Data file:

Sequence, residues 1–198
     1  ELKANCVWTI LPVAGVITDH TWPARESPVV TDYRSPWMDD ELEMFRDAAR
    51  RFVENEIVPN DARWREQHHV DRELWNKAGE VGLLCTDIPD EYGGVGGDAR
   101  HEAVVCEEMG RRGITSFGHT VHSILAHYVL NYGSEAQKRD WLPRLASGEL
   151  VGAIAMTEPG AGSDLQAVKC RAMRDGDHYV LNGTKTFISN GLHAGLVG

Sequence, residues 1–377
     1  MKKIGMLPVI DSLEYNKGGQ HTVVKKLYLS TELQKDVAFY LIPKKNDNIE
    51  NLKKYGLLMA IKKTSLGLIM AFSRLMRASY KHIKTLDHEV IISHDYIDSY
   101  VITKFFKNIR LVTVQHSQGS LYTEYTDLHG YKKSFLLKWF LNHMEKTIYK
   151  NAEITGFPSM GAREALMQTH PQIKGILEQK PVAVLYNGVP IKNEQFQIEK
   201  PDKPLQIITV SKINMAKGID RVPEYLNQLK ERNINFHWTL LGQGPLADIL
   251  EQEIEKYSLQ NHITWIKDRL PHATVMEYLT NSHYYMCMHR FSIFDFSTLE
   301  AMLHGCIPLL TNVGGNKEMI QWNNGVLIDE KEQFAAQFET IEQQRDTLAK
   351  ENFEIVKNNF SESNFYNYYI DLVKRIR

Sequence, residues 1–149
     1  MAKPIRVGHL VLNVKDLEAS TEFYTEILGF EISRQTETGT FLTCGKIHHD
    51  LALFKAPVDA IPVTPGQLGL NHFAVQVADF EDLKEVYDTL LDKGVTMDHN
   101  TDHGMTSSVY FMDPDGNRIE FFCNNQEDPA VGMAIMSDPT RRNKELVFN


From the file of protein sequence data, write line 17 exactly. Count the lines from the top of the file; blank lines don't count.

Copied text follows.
    51  LALFKAPVDA IPVTPGQLGL NHFAVQVADF EDLKEVYDTL LDKGVTMDHN